Saturday, March 31, 2012

Some Days You Just Want to Hit Something

It's true, we all have our days when we need to hit something.  And when the need arises, it's best to be prepared to do it in a constructive fashion.  Hence, a small anvil is a good thing to have in a woodworking shop.  When Lee Valley introduced this new little 7 pound bugger, I couldn't resist.  I've always wanted an anvil, but they aren't very practical things to have laying around the living room.  A little one for the woodworking shop was the perfect answer.

Here it is on my benchtop.  It's a wee thing, and the body is made in China and the pins in Canada.  The body is made to Lee Valley specs, by a manufacturer that they chose.  They didn't just pick up a lot cheap for resale through their retail outlets.  Anvil snobs are likely turning up their noses, labeling this the dreaded ASO, or "Anvil Shaped Object".  I admit they are likely correct.  But for 35 bucks, and an iron-clad warranty from Lee Valley, do I really care?  It will likely meet all my needs, except for straightening large saw blades.  It's a little small for that.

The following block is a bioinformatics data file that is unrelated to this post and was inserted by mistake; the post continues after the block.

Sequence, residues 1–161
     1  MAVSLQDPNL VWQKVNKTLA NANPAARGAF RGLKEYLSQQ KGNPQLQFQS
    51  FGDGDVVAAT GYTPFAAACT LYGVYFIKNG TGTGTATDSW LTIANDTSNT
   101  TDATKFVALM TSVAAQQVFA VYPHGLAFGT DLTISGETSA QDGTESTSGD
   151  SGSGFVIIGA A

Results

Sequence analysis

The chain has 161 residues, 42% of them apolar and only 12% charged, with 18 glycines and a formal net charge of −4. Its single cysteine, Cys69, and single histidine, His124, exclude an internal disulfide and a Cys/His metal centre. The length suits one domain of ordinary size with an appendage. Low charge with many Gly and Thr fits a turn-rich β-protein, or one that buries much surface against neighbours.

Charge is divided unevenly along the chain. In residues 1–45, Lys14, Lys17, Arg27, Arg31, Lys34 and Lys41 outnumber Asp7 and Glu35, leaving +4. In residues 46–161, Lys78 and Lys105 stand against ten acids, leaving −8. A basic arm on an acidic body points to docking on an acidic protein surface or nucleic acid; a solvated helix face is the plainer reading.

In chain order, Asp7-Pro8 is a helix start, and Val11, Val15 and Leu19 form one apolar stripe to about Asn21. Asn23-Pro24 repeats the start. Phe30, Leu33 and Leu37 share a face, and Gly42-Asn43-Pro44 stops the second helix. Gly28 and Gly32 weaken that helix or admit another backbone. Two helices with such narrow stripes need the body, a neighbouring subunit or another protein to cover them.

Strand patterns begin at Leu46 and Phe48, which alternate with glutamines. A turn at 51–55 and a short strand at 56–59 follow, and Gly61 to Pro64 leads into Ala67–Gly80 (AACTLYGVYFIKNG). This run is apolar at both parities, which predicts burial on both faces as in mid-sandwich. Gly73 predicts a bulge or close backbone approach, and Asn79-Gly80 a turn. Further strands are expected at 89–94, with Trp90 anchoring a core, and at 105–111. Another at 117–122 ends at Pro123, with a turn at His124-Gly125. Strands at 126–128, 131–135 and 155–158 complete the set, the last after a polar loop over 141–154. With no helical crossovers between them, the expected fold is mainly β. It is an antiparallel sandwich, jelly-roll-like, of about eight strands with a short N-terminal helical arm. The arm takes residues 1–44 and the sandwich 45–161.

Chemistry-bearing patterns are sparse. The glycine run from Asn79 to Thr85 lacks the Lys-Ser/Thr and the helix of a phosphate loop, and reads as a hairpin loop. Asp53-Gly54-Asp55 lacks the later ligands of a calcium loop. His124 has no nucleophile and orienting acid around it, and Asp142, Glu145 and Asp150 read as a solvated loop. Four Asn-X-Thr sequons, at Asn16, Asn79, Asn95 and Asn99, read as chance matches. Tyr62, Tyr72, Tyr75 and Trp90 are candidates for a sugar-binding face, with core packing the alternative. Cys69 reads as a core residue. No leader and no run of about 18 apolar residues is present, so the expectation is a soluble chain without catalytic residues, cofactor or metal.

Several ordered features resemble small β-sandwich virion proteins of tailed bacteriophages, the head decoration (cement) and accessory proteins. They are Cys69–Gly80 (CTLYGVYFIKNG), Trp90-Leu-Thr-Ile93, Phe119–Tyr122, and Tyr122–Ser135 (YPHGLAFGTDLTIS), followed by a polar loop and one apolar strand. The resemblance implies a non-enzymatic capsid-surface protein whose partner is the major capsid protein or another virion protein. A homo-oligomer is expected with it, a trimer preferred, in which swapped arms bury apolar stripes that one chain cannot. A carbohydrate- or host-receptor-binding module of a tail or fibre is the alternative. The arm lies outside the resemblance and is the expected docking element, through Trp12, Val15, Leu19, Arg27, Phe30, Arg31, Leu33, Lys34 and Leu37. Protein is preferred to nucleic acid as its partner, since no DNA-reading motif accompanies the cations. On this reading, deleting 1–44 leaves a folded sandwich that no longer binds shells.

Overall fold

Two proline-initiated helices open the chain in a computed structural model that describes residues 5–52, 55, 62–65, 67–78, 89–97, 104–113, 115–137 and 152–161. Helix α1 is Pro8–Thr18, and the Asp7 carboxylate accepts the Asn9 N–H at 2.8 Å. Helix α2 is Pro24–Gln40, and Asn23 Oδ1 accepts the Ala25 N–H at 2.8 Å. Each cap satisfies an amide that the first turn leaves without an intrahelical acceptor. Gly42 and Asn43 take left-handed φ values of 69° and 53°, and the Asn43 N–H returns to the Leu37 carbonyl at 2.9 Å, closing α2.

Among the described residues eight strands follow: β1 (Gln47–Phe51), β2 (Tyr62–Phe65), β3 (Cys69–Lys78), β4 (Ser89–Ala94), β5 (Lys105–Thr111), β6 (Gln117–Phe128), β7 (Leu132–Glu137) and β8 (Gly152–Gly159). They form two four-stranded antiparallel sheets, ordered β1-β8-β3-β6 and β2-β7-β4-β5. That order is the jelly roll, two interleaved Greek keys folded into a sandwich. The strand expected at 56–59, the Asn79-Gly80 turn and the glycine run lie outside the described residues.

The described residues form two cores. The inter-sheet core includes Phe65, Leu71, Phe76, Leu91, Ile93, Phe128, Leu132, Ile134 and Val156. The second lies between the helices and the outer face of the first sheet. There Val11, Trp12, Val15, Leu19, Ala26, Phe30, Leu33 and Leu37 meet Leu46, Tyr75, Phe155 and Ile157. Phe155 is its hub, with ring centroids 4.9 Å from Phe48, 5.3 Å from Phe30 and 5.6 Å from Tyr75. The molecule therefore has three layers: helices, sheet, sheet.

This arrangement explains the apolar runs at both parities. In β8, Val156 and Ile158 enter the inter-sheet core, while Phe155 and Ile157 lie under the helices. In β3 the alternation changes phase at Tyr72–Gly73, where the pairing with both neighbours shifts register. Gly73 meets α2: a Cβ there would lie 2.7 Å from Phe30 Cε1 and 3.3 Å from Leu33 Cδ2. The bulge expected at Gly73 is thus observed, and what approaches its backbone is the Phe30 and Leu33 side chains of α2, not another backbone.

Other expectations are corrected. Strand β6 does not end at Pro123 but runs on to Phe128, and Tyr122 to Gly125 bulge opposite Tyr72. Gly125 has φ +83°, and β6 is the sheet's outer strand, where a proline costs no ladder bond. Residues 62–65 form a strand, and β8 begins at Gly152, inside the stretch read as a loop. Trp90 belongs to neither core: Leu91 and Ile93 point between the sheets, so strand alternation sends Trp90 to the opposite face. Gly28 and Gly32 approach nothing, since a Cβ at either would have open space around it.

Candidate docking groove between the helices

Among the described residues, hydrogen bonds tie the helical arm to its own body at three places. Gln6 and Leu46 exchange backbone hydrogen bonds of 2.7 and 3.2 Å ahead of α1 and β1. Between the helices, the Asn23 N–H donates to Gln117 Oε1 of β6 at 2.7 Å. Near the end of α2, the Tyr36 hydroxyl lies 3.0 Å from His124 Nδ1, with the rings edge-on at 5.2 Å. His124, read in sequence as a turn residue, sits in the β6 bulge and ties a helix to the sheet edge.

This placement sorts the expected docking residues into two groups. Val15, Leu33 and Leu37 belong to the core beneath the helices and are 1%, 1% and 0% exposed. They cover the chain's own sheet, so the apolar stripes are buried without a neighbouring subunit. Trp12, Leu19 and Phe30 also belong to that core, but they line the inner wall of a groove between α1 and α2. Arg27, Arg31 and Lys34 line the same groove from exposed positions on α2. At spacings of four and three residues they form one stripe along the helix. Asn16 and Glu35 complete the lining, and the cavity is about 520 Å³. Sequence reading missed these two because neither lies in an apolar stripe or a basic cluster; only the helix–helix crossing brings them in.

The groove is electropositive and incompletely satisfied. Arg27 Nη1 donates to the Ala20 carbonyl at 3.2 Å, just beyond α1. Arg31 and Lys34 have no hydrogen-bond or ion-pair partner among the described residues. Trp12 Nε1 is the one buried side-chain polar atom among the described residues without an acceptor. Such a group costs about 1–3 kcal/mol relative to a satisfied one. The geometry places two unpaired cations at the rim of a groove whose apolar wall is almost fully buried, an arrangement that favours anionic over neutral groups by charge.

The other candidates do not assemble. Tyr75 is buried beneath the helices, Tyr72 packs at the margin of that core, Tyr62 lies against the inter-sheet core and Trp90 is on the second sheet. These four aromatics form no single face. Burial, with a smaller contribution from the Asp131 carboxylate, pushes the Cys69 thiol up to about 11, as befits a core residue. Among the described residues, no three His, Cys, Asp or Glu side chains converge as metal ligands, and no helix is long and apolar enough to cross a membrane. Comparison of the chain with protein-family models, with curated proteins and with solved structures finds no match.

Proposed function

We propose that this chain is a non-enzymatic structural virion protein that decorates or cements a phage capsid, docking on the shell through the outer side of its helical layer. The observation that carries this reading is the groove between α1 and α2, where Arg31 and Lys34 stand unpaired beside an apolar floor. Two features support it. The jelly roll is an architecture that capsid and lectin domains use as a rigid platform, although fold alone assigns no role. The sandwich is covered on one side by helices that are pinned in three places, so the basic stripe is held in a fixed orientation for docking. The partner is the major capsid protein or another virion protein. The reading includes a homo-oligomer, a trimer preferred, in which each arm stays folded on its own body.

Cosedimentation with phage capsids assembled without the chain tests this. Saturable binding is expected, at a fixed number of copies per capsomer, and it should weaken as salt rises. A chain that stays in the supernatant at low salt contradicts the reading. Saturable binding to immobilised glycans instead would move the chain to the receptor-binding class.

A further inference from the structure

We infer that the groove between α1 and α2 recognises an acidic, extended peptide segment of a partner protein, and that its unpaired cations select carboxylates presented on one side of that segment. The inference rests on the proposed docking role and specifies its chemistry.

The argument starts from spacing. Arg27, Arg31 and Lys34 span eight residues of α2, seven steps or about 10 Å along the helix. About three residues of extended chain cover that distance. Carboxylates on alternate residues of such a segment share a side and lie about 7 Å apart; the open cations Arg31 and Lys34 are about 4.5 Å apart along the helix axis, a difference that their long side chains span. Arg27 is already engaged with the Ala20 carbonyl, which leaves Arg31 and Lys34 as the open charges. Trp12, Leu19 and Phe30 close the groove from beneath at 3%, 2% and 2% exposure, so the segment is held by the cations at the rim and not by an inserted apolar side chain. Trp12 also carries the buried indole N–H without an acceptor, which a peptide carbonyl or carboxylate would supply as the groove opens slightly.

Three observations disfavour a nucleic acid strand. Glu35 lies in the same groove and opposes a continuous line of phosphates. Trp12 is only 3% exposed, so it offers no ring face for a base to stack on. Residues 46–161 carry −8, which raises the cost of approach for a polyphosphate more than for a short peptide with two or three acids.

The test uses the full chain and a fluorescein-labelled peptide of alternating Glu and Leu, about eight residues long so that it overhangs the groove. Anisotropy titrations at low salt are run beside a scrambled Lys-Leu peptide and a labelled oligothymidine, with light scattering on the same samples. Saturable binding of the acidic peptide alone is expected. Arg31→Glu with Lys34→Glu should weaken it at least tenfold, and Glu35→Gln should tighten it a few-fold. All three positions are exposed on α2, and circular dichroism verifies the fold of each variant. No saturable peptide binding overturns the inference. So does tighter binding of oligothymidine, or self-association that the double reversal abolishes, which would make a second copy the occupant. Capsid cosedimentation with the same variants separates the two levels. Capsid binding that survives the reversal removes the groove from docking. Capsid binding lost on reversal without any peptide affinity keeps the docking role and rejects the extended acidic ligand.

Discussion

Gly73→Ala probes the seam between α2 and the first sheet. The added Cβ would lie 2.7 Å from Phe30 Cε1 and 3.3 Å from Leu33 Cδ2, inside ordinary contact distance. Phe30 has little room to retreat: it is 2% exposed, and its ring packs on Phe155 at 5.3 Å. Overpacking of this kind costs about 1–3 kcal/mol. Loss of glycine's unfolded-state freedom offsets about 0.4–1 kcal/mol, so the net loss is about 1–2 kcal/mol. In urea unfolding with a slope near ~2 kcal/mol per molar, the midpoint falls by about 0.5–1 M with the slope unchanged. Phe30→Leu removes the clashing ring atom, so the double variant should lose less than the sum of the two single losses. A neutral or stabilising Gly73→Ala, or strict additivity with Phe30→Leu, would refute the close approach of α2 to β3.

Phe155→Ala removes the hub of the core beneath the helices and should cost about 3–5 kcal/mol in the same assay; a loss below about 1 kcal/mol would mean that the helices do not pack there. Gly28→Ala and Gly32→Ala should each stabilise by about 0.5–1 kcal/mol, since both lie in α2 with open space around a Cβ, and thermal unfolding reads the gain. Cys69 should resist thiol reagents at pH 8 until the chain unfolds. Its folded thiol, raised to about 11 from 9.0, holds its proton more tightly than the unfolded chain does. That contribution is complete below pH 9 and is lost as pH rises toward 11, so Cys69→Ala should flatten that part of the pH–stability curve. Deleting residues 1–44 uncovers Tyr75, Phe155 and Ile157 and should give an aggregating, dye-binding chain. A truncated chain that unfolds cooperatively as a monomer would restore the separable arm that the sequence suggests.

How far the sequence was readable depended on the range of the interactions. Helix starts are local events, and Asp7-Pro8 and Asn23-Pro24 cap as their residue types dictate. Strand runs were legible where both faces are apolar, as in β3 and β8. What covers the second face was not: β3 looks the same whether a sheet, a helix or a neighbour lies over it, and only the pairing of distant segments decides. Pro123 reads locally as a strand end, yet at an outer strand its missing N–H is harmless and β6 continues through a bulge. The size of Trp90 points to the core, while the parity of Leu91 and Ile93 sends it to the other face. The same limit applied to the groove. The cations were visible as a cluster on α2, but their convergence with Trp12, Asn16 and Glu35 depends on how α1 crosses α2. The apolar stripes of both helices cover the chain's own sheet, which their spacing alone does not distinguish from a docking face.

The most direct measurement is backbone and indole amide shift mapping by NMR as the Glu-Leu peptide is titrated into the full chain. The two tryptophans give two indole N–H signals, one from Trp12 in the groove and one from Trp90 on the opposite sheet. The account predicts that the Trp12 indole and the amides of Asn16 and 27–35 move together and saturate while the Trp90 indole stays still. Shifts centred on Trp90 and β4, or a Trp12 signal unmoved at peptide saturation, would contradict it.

The body is hollow, as shown below.



I made a little mobile base from two 6" x 12" x 3/4" MDF glued together.  The anvil is bolted down to this base with 1/4" x 2" x 20 pitch bolts, heads are countersunk on the bottom.  Star lock washers were used in the countersunk holes to keep the bolt heads from turning when the nuts are tightened.  Then I drilled two holes on either end of the base plate, spaced such that they would fit over any pair of dog holes on my bench.  A couple of 5/16" x 18 pitch cam clamps with 6" bolts make it really easy to attach this to the benchtop.  Fastened to the bench over a leg, it is surprisingly sturdy and will take quite a beating without budging a smidgen.  



I also shellacked the MDF and drilled a hole front and back to stick the pins in, so they don't get lost.


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